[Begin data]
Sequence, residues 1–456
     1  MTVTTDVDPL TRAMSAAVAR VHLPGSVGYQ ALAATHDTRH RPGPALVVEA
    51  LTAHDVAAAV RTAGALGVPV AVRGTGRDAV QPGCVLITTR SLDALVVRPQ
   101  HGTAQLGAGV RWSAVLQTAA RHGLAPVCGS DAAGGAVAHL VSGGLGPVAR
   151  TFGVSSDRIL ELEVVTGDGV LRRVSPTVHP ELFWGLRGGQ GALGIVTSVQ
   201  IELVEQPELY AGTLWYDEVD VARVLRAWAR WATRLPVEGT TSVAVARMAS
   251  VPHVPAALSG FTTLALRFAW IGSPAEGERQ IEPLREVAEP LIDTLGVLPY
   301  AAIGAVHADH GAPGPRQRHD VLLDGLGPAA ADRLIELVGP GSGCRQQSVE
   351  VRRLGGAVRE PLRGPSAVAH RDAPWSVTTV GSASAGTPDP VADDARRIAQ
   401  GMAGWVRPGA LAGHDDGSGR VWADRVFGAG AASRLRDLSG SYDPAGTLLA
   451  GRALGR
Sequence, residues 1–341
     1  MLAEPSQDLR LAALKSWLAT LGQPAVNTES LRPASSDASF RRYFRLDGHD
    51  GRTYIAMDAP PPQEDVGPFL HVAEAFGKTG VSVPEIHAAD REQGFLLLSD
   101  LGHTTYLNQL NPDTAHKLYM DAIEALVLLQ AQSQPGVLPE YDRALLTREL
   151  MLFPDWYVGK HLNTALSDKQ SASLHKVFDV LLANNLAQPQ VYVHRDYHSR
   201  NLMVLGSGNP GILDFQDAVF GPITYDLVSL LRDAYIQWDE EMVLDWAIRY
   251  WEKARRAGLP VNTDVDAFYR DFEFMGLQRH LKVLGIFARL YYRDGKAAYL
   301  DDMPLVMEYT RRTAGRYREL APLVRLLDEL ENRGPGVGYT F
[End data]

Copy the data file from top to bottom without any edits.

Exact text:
Sequence, residues 1–456
     1  MTVTTDVDPL TRAMSAAVAR VHLPGSVGYQ ALAATHDTRH RPGPALVVEA
    51  LTAHDVAAAV RTAGALGVPV AVRGTGRDAV QPGCVLITTR SLDALVVRPQ
   101  HGTAQLGAGV RWSAVLQTAA RHGLAPVCGS DAAGGAVAHL VSGGLGPVAR
   151  TFGVSSDRIL ELEVVTGDGV LRRVSPTVHP ELFWGLRGGQ GALGIVTSVQ
   201  IELVEQPELY AGTLWYDEVD VARVLRAWAR WATRLPVEGT TSVAVARMAS
   251  VPHVPAALSG FTTLALRFAW IGSPAEGERQ IEPLREVAEP LIDTLGVLPY
   301  AAIGAVHADH GAPGPRQRHD VLLDGLGPAA ADRLIELVGP GSGCRQQSVE
   351  VRRLGGAVRE PLRGPSAVAH RDAPWSVTTV GSASAGTPDP VADDARRIAQ
   401  GMAGWVRPGA LAGHDDGSGR VWADRVFGAG AASRLRDLSG SYDPAGTLLA
   451  GRALGR
Sequence, residues 1–341
     1  MLAEPSQDLR LAALKSWLAT LGQPAVNTES LRPASSDASF RRYFRLDGHD
    51  GRTYIAMDAP PPQEDVGPFL HVAEAFGKTG VSVPEIHAAD REQGFLLLSD
   101  LGHTTYLNQL NPDTAHKLYM DAIEALVLLQ AQSQPGVLPE YDRALLTREL
   151  MLFPDWYVGK HLNTALSDKQ SASLHKVFDV LLANNLAQPQ VYVHRDYHSR
   201  NLMVLGSGNP GILDFQDAVF GPITYDLVSL LRDAYIQWDE EMVLDWAIRY
   251  WEKARRAGLP VNTDVDAFYR DFEFMGLQRH LKVLGIFARL YYRDGKAAYL
   301  DDMPLVMEYT RRTAGRYREL APLVRLLDEL ENRGPGVGYT F